Electronic Theses and Dissertations





Date of Award


Document Type


Degree Name

Doctor of Philosophy





Committee Chair

Dr Kreitner

Committee Member

Tim Goodwin

Committee Member

Gavin Bidelman

Committee Member

Jeremy Orosz


Often the term improvisation gives the impression that the music spontaneously materializes from nothing; however, how spontaneous is it really? David Borgo aptly characterizes this conundrum, "To improvise requires the capacity to act, and, for it to mean anything at all it must surely be 'about' something, a common definition of intentionality." Jean-Jacques Nattiez's Discourse on Musicdiscusses this intent and its place within a larger societal context through his adaptation of Molino's tripartition. This is a process in which our broader aesthetic valuation of style influences our creativity and is reflected in a tangible piece of music, which is then passed on to subsequent generations. I contend that evidence of this transference is best seen within a works direct and indirect musical borrowing. Further, that it is in how a work uses topics, melodies, and motives that its rhetorical structure and meaning emerges.In this paper I analyze how remnants of Maurice Ravel's Pavane pour une infante défunte are transferred and evolve in Morton Gould's Pavanne, Bert Shefter's The Lamp is Low,Miles Davis's So What, and finally in John Coltrane's and Wes Montgomery's performances of Impressions. I contextualize how a performer's immediate set of influences, as well as broader societal and economic influences, impact the assimilation, transferal, and evolving novelty in John Coltrane's Impressions. This culminates in an analysis that discusses how the intertexts between these works can be viewed through both classical rhetoric and rhetorical "signifyin'."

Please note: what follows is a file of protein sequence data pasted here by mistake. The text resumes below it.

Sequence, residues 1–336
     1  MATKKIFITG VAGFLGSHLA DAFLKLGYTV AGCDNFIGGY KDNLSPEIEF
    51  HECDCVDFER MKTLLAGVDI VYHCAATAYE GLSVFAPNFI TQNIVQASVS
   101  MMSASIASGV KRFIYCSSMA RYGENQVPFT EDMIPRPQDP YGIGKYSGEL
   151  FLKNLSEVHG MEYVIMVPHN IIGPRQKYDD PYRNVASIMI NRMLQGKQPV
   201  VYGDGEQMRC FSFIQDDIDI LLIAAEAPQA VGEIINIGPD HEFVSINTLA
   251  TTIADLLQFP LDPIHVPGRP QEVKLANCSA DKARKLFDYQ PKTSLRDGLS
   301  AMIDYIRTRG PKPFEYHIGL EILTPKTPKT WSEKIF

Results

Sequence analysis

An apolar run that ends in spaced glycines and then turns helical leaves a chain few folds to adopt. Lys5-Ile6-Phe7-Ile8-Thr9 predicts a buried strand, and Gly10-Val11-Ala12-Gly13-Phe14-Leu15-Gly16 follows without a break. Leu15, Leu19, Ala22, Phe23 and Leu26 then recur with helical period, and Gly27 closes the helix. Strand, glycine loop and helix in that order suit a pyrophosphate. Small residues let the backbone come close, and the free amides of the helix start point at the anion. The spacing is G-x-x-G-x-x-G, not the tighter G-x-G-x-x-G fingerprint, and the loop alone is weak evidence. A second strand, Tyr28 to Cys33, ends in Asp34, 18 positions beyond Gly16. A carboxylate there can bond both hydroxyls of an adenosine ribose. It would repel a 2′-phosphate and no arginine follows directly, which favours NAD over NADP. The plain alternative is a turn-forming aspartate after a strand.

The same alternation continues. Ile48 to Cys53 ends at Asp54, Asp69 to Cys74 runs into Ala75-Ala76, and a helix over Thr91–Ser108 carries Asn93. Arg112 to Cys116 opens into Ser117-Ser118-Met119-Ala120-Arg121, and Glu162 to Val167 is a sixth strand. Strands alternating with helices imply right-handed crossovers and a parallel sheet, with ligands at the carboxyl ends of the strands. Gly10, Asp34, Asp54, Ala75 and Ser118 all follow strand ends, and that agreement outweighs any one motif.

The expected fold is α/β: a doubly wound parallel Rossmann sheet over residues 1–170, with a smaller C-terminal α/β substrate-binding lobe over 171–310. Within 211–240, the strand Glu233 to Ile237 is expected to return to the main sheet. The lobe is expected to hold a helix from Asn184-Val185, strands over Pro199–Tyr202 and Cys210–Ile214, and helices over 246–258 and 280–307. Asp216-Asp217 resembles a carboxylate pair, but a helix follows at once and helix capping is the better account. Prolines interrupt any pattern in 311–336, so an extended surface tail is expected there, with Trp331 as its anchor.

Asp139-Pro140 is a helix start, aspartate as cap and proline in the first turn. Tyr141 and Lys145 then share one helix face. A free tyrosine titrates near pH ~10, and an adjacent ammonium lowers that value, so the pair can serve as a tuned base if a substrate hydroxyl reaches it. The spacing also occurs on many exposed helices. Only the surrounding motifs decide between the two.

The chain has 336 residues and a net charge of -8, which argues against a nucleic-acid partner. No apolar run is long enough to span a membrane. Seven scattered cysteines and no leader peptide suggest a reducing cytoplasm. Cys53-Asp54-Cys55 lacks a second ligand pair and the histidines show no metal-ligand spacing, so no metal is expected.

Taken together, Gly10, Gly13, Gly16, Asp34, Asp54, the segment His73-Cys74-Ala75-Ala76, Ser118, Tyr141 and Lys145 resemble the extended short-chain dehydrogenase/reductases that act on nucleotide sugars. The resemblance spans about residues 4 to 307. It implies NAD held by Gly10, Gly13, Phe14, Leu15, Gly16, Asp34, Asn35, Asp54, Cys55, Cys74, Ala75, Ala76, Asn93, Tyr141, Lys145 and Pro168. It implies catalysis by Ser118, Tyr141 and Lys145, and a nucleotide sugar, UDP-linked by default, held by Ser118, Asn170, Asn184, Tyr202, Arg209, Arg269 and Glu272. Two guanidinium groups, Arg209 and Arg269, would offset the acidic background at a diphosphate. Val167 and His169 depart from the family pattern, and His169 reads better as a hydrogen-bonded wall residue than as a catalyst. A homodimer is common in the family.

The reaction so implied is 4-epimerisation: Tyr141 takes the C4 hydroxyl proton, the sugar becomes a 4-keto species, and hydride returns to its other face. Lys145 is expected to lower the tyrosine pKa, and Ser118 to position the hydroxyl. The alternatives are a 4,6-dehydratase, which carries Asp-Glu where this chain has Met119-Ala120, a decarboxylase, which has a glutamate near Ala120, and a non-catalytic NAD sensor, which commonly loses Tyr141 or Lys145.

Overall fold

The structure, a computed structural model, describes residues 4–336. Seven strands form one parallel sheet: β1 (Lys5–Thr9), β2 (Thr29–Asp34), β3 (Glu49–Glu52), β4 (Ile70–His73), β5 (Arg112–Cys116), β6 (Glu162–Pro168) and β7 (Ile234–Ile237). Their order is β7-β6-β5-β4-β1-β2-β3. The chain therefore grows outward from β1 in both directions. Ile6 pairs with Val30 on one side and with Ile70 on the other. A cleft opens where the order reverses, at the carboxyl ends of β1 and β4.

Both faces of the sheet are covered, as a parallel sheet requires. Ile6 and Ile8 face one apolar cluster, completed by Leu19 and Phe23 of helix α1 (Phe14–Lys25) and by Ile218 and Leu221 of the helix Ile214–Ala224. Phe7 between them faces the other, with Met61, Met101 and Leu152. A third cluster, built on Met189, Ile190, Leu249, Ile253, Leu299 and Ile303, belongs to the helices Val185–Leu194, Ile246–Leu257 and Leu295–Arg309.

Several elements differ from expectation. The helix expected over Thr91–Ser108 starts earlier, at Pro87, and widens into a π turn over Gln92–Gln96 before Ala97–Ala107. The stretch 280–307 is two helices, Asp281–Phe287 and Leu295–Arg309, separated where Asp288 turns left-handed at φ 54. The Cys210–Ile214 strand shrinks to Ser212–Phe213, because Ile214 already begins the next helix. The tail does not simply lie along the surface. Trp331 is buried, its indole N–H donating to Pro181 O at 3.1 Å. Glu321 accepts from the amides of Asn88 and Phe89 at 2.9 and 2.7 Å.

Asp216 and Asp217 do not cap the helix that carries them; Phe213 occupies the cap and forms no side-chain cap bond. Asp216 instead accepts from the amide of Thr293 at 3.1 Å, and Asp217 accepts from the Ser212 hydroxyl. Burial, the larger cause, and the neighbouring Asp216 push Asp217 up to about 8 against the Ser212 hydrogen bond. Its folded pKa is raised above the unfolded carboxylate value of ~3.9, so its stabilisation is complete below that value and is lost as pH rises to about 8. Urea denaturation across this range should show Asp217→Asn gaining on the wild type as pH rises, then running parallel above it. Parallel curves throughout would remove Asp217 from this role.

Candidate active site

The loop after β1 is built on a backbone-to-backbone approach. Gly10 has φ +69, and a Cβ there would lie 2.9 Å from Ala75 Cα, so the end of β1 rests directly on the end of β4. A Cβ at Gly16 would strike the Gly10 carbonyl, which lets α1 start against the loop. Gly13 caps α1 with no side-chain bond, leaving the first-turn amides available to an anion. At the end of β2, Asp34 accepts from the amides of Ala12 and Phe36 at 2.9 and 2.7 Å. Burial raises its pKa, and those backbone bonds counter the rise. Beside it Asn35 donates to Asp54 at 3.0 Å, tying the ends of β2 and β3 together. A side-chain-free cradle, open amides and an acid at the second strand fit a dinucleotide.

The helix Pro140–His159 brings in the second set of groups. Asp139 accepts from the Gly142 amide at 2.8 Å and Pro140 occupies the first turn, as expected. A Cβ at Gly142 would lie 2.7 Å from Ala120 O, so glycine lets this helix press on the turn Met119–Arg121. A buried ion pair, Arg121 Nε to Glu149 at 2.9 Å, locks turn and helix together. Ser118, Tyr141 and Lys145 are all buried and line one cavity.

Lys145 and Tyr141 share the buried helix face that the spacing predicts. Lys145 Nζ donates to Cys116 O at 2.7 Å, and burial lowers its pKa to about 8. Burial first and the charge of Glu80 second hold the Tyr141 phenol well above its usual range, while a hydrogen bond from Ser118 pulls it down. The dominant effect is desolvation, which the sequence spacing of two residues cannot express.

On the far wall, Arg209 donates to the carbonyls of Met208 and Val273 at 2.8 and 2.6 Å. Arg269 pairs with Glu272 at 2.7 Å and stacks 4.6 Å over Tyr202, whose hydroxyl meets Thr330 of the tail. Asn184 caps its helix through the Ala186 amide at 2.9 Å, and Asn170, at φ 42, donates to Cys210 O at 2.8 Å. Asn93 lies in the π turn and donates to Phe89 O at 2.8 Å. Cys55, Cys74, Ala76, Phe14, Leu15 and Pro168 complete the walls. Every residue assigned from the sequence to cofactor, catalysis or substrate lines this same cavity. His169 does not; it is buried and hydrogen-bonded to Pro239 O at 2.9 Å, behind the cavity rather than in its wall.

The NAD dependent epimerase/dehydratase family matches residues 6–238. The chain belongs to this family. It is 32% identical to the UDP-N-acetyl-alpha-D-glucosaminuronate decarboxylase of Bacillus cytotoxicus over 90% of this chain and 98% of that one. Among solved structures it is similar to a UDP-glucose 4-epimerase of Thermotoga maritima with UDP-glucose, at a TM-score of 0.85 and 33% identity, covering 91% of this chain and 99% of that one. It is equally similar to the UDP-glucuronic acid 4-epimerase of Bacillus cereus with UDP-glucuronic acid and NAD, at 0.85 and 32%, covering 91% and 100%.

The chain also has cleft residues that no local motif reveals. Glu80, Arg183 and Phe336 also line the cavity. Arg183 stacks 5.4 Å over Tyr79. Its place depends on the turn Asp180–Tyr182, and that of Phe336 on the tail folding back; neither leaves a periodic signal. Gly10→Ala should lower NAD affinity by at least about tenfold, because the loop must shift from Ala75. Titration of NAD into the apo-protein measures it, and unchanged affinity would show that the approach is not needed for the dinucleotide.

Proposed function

Data is provided by the student.

Library Comment

dissertation or thesis originally submitted to the local University of Memphis Electronic Theses & dissertation (ETD) Repository.